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01 January 2009 @ 10:18 am
Blinding Me With Science: Evolutionary Capacitance  
araquan pointed out this 2003 article in Nature that I hadn't seen before.

I'm bookmarking it for discussion and future reference, since (as my last post should suggest) I am in no condition to peruse a lengthy formal paper at the moment.

The opening of the abstract immediately intrigues me, however (and not just because I've been reading too much Gamma World material):

An evolutionary capacitor buffers genotypic variation under normal conditions, thereby promoting the accumulation of hidden polymorphism. But it occasionally fails, thereby revealing this variation phenotypically.


If I'm interpreting this correctly, this suggests a physical mechanism for punctuated equilibrium, as well as suggesting how the usual wisdom that "random mutations should be automatically lethal 99% of the time".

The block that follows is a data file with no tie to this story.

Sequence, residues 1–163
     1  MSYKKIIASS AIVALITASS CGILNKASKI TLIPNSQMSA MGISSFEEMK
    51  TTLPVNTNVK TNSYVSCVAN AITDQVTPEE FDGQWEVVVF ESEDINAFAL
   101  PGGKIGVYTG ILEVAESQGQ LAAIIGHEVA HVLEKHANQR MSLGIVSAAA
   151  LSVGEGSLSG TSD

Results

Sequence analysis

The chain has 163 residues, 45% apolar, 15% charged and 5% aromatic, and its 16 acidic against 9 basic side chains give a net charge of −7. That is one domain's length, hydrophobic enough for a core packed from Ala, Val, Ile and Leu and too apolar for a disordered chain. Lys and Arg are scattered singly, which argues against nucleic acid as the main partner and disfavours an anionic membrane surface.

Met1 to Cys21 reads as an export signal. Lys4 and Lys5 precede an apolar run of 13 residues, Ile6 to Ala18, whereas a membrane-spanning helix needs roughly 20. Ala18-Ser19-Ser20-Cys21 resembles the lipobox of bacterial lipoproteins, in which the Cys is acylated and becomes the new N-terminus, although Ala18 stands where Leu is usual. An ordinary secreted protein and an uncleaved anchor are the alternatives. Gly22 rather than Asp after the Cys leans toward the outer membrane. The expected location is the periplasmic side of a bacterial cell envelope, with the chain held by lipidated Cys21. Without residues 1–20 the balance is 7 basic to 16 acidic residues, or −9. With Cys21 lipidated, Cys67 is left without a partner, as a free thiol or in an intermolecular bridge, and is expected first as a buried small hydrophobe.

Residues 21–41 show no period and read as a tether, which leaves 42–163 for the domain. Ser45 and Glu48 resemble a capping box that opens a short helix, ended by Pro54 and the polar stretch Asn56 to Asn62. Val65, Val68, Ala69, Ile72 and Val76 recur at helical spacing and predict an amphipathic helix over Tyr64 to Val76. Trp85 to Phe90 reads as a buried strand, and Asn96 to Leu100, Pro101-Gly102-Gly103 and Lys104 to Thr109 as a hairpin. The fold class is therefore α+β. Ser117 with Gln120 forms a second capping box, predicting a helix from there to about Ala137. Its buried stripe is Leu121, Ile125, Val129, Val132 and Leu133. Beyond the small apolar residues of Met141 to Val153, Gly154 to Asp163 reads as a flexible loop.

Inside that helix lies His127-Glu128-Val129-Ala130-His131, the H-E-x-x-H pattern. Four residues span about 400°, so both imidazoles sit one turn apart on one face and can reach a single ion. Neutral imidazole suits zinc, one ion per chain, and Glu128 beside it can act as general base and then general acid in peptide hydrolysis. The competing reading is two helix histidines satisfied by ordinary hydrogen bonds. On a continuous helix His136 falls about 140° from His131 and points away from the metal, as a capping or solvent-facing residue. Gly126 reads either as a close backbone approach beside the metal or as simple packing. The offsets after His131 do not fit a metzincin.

I don't know how the biochemists and geneticists in the audience will react to this, but as a systems scientist, it makes perfect sense to me. Complex systems often develop regulator mechanisms as an emergent behavior.


 
 
I feel: thoughtfulthinky
 
 
 
pseudo manitoupseudomanitou on January 1st, 2009 06:53 pm (UTC)
Interesting. Though they call it a capacitor... I wonder if there are stimuli that cause this buffer to turn off on purpose...
Christopher Bradleycpxbrex on January 1st, 2009 07:20 pm (UTC)
I bookmarked it, too. Like you, I'm not much in the mood to read a long paper about the subject but . . . obviously those complex chemical systems we broadly refer to as life have evolved for the capacity for, y'know, evolution, hehe. That's certainly one of the traits that would be selected for, wouldn't it?
Wywy on January 1st, 2009 07:55 pm (UTC)
Well yeah, that's why sexual selection came about and is incredibly common.

And I've actually read other papers which have proposed a mechanism for punctuated equilibrium, though the mechanism is more in the lines recessives and secondary selection means. In human terms, why although the primary 'mate selection' criteria is 'looks and size', there's still room in the world for geeks and nerds :P